Misquoting Jesus and other books (Pat Tillman, World Cup, Writing, The Janus Report)

Completed several books this week:  Misquoting Jesus, Boots on the Ground by Dusk and Where men win glory (War and Pat Tillman), Eight World Cups and The World is a Ball (Soccer), Several Short Sentences About Writing and Bookmark Now, Coaching Youth Football, and something called the Janus report which was not what I thought it would be (it is just a collection of anonymous yes/no surveys about sexual behavior).

Misquoting Jesus is a worthwhile read for anyone who has ever read The Bible.  Not only is it a personal account of one mans spiritual journey that is shared by many Christians today (including myself), it thoroughly yet succinctly details various mistranslations of the Bible and how they happened.  The quality of writing shines.  Highly recommended.  Grade: A+

Where Men Win Glory and Boots on the Ground were about Pat Tillman and ‘friendly fire’ in the Iraq/Afghanistan war.  Boots on the Ground by Dusk was by Pat Tillman’s mother and had an amazingly evocative first chapter or two.  Where Men Win Glory (A line from the Illiad) was by the author of Into Thin Air, the book that took away my desire to ascend the heights of Mt. Everest.  Grades: B+

Pat Tillman.  I had heard about the name way back when but never knew any details.  The authors make some damning revelations – General McCrystal’s memo to Rumsfeld saying “If the story gets out”, Rumsfeld denying getting it; the commander in Afghanistan flying to Iraq for one day, the day of Tillman’s death, and then saying he wasn’t there.  Commanders denying giving orders that their subordinates insisted they did.  Testimony changing after a commander asks the interviewer to ‘step out of the room for a minute’.  The guy who first opened fire on Tillman (Thus causing the rest of his team to follow his lead) getting a field promotion.  The initial investigation disappearing.  The lull in fire where Tillman came out behind the rock (He was screaming how he was on their side), where his own squad resumed firing, killing him.

The craziness that they document is almost beyond belief.  The commander in question assigning himself to lead the investigation.  Another commander calling Tillman “Worm Food” and not investigating because Tillman wasn’t Christian.  Yet another commander surveying the canyon where they got ambushed one day earlier, then ordering Tillman’s squad to travel in daylight and separate the squad, both which were against regulations.  The team leader ultimately got blamed – except he was retired!  Tillman’s diary was burned.  His armor stripped and destroyed despite orders to keep the armor.  Hospital records saying they ‘attempted CPR’ when Tillman was missing most of his head.  Dates changed, memos redacted, reports lost – It’s a mass of incompetence.  Those who say it’s a conspiracy are wrong – conspiracies are organized.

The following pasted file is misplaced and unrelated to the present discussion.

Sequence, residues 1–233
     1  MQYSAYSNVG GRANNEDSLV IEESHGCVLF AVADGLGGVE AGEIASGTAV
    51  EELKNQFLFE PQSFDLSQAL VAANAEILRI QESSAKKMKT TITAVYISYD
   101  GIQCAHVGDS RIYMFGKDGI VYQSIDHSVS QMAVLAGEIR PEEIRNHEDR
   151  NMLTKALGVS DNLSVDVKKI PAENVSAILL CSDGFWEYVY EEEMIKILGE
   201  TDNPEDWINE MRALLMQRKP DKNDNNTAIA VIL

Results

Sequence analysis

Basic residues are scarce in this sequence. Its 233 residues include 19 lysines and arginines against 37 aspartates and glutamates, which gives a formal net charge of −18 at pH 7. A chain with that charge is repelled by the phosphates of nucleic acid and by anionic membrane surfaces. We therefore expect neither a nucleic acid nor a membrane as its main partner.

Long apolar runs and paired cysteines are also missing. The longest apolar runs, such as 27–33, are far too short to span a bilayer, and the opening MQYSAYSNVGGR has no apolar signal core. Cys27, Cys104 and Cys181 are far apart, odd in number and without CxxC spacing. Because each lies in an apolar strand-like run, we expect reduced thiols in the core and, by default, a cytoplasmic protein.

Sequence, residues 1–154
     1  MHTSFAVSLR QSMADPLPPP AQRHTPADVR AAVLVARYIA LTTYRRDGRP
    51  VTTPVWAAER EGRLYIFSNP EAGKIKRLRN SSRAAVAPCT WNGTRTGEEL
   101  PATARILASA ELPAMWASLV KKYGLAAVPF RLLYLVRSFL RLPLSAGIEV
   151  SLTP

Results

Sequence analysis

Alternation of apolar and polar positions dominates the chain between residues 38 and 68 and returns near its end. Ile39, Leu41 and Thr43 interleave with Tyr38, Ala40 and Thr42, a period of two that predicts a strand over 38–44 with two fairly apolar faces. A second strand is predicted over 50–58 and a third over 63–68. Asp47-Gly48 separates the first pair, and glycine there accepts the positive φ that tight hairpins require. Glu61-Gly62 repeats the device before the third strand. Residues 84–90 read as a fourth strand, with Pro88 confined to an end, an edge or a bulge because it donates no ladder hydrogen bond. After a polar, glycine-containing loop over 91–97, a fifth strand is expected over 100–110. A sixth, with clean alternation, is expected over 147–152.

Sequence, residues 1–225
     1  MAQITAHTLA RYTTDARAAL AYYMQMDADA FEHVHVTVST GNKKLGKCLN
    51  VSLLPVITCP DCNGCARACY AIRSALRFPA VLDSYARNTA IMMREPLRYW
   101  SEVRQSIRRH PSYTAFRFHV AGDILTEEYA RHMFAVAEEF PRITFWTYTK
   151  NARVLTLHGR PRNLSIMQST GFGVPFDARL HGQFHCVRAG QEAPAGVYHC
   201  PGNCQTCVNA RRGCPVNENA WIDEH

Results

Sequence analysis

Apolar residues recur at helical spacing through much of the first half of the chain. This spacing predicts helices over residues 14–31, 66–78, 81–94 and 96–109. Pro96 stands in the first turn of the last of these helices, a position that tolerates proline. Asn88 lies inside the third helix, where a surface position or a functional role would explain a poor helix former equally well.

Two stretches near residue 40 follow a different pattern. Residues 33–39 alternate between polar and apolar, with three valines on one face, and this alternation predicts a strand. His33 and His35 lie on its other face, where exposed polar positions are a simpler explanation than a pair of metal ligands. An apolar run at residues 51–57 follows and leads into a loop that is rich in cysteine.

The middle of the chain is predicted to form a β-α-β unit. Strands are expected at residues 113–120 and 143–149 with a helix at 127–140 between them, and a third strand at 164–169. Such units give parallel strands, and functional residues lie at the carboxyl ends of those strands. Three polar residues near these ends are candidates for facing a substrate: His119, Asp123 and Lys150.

The books also have some non-Pat Tillman stuff.  Did you know the first US Soldier’s deaths of the Afghanistan war were self-inflicted?  Someone called in an air strike, but instead of dictating the enemy coordinates, he instead misread his instruments and reported his own GPS location.  It also injured the Afghani we were planning to put in charge of Afghanistan.  Oops.

Oh and Jessica Lynch, supposedly captured by the enemy, turns out the ‘enemy’ was actually trying to save her.  Her injuries were from a car crash, not from enemy fire.  She wasn’t in prison, she was in a hospital.  The Iraqis tried to drive her to an American base but were fired on at the gate.  A thousand troops were assembled to ‘save’ Lynch, instead they just marched into the hospital, took her out easily, and ignored the four other American ‘captives’ because they weren’t cute 19-year-old blond females.
I didn’t know any of that.  I thought she really was captured.  Now I know better.  It’s depressing how badly the media screws things up, reporting the first thing they hear from someone who couldn’t know the facts.

The other books were meh.  The soccer related ones were okay – well written, occasionally humorous, but mostly describing soccer games that happened long ago, which just doesn’t work well on paper.  I miss the World Cup.  Bookmark Now was a bunch of clever short stories about writing by writers.  Several Short Sentences About Writing I had already read years ago and forgotten I had read it.  It’s kind of a stream-of-consciousness thing about the mystery of self-expression.  It reminds me of Pascal’s PensesTeaching youth football was about American football and was full of jargon and code words I didn’t understand (I was hoping to study other sports’ tactics for my book).  And the Janus Report, well, the only thing I remember that stands out was that over 20% of men say they have ‘had a homosexual experience’, whatever that means (it was never defined).  I find that hard to believe, which is why I remember it.
Grade: Four Sandwiches.